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The 5 Phases of a GMP Project | IVT

Not every project undertaken in a manufacturing facility is a good manufacturing project. Those that are, however, can utilize a five-step approach to support an effective and efficient implementation. The benefits of such an approach will ensure that no elements of the project slip through the cracks. Furthermore, the five-phase approach will help the GMP project stay on schedule and within budget. Taken from a Jorge Cordero presentation at IVT’s Validation Week Canada, the following are the tasks and responsibilities associated with each phase.

1. Project Origination

The first aspect of this phase is identifying the project. The project will be identified by the process owner, quality assurance group, or process excellence team based on the business or regulation needs. This will require a project proposal. The project will be evaluated by the process excellence team with an evaluation-rating matrix and will ultimately be selected by upper management. This phase is applicable to all projects.

2. Project Initiation

Like any project, a team needs to be developed by a project manager. In this phase, the project definition will be established by the project manager, project engineer, process owner, quality assurance, and procurement. The initial risk identification (high, medium, low) will occur during this phase. The project plan will be developed by the project manager, and it will be approved by the project team members. In this phase, the project should have an established charter, schedule, user requirement specification, and budget estimate. Impact assessments should be commenced to determine whether the project is GMP or non-GMP.

3. Project Planning and Design

All team members should participate in project meetings and expectations during this phase. The project definition will be redefined during this phase. This includes changes to:

  • The scope; a responsibility of the process engineer and process owner.
  • The schedule; a responsibility of the project manager and process engineer
  • Quality standards; a responsibility of quality assurance.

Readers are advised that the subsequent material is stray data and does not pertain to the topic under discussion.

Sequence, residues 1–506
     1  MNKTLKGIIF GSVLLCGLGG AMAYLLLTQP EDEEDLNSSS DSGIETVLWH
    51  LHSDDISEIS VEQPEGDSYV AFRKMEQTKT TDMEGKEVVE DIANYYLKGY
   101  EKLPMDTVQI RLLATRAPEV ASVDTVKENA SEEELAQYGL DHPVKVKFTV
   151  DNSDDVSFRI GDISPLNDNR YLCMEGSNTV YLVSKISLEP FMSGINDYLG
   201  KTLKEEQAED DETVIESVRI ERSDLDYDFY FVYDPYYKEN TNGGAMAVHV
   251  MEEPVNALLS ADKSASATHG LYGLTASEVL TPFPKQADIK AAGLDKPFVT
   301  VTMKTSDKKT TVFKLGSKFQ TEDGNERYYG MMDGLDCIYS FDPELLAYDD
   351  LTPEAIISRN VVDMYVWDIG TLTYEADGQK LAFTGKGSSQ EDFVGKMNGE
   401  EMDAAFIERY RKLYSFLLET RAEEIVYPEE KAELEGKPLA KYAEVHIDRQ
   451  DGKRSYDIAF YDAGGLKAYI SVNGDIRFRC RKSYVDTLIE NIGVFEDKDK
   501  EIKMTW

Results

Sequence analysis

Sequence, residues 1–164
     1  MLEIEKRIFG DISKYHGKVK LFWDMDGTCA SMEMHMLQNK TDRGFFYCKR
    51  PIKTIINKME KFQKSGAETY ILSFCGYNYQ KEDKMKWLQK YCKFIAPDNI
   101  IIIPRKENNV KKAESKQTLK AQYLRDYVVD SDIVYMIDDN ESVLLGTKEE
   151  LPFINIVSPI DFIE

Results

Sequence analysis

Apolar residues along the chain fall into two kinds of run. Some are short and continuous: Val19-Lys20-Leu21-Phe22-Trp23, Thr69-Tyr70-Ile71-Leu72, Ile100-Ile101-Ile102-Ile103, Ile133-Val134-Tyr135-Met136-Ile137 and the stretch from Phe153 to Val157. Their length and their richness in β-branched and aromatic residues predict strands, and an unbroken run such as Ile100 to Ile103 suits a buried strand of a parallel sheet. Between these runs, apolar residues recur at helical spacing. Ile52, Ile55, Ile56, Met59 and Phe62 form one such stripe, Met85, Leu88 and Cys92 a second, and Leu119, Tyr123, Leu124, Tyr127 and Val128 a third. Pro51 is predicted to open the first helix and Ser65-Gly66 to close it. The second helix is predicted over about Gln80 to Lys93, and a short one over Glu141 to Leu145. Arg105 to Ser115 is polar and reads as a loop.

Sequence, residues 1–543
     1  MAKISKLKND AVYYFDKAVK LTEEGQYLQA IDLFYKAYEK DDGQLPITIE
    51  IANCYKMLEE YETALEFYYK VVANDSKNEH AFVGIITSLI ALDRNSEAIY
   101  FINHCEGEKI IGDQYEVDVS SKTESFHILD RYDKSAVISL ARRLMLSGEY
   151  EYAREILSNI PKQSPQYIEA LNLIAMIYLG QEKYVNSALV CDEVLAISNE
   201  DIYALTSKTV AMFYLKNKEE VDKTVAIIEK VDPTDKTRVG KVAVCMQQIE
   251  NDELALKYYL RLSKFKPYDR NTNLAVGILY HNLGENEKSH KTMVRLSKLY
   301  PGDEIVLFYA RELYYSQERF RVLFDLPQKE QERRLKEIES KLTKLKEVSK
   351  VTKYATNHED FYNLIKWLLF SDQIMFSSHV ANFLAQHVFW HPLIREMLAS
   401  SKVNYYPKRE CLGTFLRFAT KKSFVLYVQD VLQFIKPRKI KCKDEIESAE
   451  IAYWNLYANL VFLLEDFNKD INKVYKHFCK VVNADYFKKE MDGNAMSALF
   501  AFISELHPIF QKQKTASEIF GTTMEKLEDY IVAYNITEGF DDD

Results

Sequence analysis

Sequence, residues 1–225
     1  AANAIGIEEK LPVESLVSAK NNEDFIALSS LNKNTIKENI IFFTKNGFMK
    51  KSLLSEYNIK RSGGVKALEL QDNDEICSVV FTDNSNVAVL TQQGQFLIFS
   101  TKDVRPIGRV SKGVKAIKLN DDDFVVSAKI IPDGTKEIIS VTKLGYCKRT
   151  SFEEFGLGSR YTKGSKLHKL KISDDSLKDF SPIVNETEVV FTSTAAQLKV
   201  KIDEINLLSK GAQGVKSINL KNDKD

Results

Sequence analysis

• Budget; a responsibility project manager, process engineer, and procurement.

The project plan will then be approved. The vendor, if applicable, will be selected by the process engineer and procurement. Finally, the design will be verified and approved by the process engineer, process owner, and quality assurance. Functional risk assessments, traceability matrices, and validation strategies will be used during this phase.

4. Project Execution and Control

The development of the equipment, control system, software, process or facility (ECS-SPF) will be verified by the process engineer, process owner, and quality assurance. Installation and operation verification will be performed by the process engineer and quality assurance. The project manager and the process owner will implement calibration, procedures, and preventative maintenance. They will update and/or create standard operational procedure and preventive maintenance task, and include any critical instrumentation to the calibration process. Factory acceptance tests (FAT), site acceptance tests (SAT), engineering studies, risk assessment reviews, qualification/validation protocols, and SOP, preventative maintenance, and calibration programs will be used during this phase. As recommended by the validation strategy, FAT and SAT should cover all details, configurations, functionalities, and safety requirements. Then, limited IQ, OQ, and PQ can be performed on the basis of successful FAT and SAT.

5. Project Close-Out

The project close-out will require the project manager and project engineer to execute implementation verification. A traceability matrix will be used to verify that all critical requirements in user requirement specifications, functional requirement specification, and design specification, as applicable, were tested in one of the deliverables. Risk assessment review will be performed by process excellence, the process owner, and quality assurance to assure risk was mitigating and controlled. A close-out letter, summarizing the activities performance and completion, should be written by the project manager.

Overarching Activities

When each phase has been completed, a formal phase review report should be evaluated and approved by the project team members. All of the tasks should be completed before moving on to the next phase; if any task was not completed, a justification should be provided on the phase review report. Throughout the project, there should be consistent meetings of the project team. The project manager and project engineer should report and maintain the visibility of the project.

How to Measure Success

Numerous variables can measure the success of a GMP project. One is whether the user requirements, functional requirements, and design specifications were addressed and tested satisfactorily on FAT, SAT, IQ/OQ/PQ, or process validation. Furthermore, if the IQ/OQ/PQ and process validation have been executed satisfactorily and approved. And of course, if the project has been implemented and closed on time within budget!




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